CRICKET is a game for geeks. Nerds and anoraks are in love with statistics and data. Cricket is also a game for aesthetes, people who look beyond the numbers to art and beauty. When a match, a moment, or a player satisfies both personalities the full magic of cricket is unleashed.
Beauty is in the eye of the beholder, of course, but it generally comes second to grit, the steely desire to accumulate runs, when measuring the success of batsmen. Pakistan’s top three run-makers in Tests, heroes to a man, tended to place pragmatism ahead of elegance. Indeed, how else could you achieve such numbers?
Javed Miandad began as a cavalier but turned roundly into a dour accumulator, a man capable of anchoring any innings. Inzamam-ul-Haq was a virtuoso hitter who learnt to play within himself for the sake of his team. When he attacked, though, his style was brutal rather than beautiful. And Younis Khan only ever knew the way of self sacrifice. There was a certain artistry in his agile footwork and loose limbed play but it would be generous to call it attractive.
Still, Pakistan have had their share of artists. Majid Khan was an exquisite timer, exhibiting the joy of limited footwork. Zaheer Abbas had languid grace and a cover drive to die for. Saeed Anwar was genius on a knife edge. And Mohammad Yousuf made lazy elegance his brand value.
These artists had periods when they were unstoppable, when their eye candy play combined perfectly with their inner accumulator. But the stats speak for themselves. Throughout history, the pragmatist has won, lasting longer and scoring more heavily. As much as we might wish it, the artists haven’t quite made the very top grade.
Into this world of two philosophies, enter Babar Azam, an accumulator and an artist, a player of the rarest of mettle. There is something about Babar. Magic in his wrists, a sparkle in his eye, a simple joy in scoring runs, a hunger to keep going, and a beauty to satisfy any aesthete.
For Babar has Majid’s timing but with footwork to match. He has grace but there is nothing languid about it. He is a genius but there is no knife edge, only a serene inevitability about his run scoring. And his elegance isn’t at all lazy.
With all this, he finds himself ranked as the world’s top T20 batsman and in the top 10 of the other formats. The numbers to back any argument about his worth.
Or so it would seem, because the rankings judge a player on his performance against the opposition he has faced. They tell us little about a player’s influence on the eventual outcome. Cricket allows an individual to flourish without making a decisive contribution.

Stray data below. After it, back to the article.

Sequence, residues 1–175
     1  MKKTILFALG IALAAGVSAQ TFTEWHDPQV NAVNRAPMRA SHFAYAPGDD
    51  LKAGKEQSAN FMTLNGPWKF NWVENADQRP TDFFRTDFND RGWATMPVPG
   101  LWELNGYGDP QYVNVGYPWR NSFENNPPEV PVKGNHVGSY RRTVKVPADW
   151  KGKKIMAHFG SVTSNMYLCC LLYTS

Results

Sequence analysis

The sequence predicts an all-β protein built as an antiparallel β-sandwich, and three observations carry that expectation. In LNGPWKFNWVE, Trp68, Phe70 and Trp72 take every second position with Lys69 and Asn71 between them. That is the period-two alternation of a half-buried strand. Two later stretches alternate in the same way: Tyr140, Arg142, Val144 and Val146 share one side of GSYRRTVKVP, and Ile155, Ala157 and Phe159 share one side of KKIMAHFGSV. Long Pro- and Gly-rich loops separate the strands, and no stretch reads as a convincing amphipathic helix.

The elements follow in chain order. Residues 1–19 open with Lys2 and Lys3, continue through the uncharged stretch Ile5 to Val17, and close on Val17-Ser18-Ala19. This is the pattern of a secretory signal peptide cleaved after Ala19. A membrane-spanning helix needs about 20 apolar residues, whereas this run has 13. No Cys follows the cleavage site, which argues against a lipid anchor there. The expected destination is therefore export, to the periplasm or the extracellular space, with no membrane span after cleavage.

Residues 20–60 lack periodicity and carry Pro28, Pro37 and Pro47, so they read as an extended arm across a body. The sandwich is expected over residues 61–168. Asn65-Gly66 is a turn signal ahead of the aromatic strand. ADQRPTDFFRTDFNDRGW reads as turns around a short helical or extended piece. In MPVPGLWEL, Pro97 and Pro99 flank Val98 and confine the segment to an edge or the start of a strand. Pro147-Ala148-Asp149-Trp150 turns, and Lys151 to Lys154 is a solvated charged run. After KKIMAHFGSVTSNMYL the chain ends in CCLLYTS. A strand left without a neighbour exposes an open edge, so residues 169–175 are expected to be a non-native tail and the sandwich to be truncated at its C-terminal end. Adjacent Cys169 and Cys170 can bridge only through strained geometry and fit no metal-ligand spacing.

Now, to say that Babar’s performances don’t contribute to team success would be absurd. Just look at the important hand he played in the Sri Lanka series, when international cricket happily returned to Pakistan.
But the truly great players seize a match that is heading for defeat and change the momentum. They turn the odds upside down. They upend your emotions. They stand between the opposition and your team’s defeat. They convert a losing game into a winning one.
This isn’t a talent that even the greats are necessarily born with. Javed changed his method to become the world beater he is now remembered as. Inzamam struggled for a period after his sensational introduction to international cricket. Younis built up his powers of application and turned a meandering career into a record-breaking one.
Babar, then, has time. That skill of changing the mood and momentum of a game, of being remembered for your deeds instead of your scores, tends to come with experience. But it is a personal journey he must complete to join the ranks of the world’s greatest players.
That we already think he is capable of turning doubters into believers is compliment enough. Yet the next step is the hardest to take and the toughest to sustain. It is a hurdle that every great player must overcome. Even Sachin Tendulkar, the greatest by some accounts, was dogged by these reservations for much of his career. Nice company for Babar to keep.
Babar is special. Batting artists generally don’t come with his pragmatism and appetite for accumulating runs. Babar is the batsman Pakistan never thought it could have. A rare player who satisfies both geeks and aesthetes. When he learns the art of taking control of a match and bending it to his will, Babar will be ready to join the greats of Pakistan cricket.
Published in Dawn, January 6th, 2020